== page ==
Associations between apolipoprotein B and selected perfluoroalkyl substances among diabetics and nondiabetics

By Ram B. Jain & Alan Ducatman
Env. Sci. & Poll. Res.
November 18, 2020
DOI: 10.1007/s11356-020-11593-3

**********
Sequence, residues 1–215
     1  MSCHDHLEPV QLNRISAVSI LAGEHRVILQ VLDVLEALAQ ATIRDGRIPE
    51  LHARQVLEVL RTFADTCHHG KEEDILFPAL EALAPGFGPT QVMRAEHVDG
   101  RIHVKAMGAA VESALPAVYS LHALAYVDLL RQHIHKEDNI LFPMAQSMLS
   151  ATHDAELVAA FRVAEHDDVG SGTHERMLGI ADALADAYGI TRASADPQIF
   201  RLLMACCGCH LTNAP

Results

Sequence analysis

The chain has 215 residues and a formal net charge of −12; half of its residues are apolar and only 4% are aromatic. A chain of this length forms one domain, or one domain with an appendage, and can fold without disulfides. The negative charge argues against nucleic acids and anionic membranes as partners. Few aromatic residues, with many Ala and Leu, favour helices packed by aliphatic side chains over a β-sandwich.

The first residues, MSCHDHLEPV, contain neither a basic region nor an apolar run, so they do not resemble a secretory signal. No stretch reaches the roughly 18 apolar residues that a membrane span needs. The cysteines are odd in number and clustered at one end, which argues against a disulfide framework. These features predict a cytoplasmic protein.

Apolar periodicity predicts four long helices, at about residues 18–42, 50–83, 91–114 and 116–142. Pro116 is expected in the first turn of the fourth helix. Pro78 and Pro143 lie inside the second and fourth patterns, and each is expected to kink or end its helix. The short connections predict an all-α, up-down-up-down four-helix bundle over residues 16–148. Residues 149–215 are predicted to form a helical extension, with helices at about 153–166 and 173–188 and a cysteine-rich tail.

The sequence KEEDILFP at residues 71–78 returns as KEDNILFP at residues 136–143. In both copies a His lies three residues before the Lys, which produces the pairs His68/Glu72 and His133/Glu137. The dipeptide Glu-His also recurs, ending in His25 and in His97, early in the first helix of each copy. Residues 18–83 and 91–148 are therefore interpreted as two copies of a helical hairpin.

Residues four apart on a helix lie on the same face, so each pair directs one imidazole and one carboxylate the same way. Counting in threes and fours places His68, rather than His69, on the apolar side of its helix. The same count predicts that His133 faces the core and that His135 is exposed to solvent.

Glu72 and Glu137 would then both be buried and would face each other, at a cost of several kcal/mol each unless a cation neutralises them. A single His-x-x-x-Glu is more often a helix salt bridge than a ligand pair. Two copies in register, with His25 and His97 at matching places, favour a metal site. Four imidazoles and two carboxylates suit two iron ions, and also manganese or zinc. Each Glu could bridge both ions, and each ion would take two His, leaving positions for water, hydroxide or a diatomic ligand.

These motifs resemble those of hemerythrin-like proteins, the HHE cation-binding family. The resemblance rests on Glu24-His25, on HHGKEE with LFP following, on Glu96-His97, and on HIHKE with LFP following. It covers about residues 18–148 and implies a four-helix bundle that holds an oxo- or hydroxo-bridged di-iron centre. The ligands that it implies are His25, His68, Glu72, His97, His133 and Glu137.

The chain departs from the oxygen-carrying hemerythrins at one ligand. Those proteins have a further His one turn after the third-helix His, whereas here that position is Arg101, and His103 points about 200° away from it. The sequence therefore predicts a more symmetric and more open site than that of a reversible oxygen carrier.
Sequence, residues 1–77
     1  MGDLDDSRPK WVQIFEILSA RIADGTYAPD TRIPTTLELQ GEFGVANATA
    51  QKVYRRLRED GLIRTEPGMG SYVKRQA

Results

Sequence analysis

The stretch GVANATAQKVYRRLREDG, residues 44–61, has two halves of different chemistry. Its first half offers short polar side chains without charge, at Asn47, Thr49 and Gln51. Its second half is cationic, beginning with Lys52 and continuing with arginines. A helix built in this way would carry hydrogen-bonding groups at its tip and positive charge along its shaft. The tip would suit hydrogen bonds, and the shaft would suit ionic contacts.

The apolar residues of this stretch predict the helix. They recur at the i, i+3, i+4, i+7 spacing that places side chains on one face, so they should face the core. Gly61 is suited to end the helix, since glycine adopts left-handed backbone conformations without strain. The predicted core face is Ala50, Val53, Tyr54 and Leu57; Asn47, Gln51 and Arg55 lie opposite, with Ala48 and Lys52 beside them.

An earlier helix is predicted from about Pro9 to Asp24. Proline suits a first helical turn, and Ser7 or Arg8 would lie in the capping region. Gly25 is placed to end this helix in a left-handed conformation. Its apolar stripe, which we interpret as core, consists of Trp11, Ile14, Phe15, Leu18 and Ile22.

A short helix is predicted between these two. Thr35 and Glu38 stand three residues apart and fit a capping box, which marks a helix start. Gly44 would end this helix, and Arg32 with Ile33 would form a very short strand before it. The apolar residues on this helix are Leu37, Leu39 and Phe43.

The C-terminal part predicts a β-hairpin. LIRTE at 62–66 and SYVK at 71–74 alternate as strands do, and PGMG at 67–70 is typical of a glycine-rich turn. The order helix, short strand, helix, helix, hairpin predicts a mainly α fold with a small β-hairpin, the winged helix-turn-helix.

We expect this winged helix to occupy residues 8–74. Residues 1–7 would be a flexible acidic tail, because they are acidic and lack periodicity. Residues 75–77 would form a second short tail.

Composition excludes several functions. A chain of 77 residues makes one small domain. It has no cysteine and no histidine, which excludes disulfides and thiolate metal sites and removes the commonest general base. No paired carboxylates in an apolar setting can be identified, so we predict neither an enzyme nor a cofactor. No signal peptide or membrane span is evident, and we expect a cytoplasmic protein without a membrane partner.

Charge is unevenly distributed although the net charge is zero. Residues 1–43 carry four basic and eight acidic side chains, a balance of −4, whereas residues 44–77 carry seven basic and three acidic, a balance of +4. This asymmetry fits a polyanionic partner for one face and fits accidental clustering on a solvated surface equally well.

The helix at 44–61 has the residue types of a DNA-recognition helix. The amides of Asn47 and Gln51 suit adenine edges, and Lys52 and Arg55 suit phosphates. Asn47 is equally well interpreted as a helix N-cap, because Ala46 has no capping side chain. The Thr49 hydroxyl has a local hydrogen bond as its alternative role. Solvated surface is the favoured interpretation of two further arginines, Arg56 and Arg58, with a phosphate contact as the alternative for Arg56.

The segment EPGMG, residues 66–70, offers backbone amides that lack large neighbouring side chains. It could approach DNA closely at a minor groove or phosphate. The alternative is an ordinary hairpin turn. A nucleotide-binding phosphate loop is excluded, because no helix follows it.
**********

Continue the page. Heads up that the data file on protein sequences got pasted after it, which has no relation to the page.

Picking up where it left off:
Previous population investigation of perfluoroalkyl substances (PFAS) features associations with lipids in a number of populations; these investigations have seldom included consideration of apolipoproteins. Apolipoprotein B (Apo B) fractions were considered in this descriptive analysis because they are essential to the assembly, transport, and cellular uptake of lipid classes associated with poorer health outcomes, and they are associated with incident and prevalent disease. Regression models stratified by diabetes and lipid lowering medication (LLM) status for data from National Health and Nutrition Examination Survey for 2007–2014 were fitted to interrogate associations between selected PFAS and Apo B for US adults aged ≥ 20 years. Adjusted concentrations of Apo B were positively associated with perfluorooctanoic acid (PFOA β = 0.03878, p < 0.01), perfluorooctane sulfonic acid (PFOS β = .02029, p = 0.02), and perfluorononanoic acid (PFNA β = .01968, p = .03) for nondiabetics who were not taking lipid lowering medications. These associations were not seen among diabetic participants, except for perfluorodecanoic acid (PFDA) in those taking LLMs (β = 0.03831, p = 0.02). We also note that LLMs have an inferred greater impact on Apo B in the diabetics compared to the nondiabetic populations. We have considered several sources of confounding and think the data are most consistent with a weak causal association that PFAS exposure increases Apo B. The rodent toxicology literature also contains evidence that PFAS disrupt fatty acid trafficking including Apo B, although how the specific findings may relate to circulating human Apo B concentrations is unclear. We therefore advocate for attempts to replicate the findings in other populations and to consider additional types of mechanistic studies.


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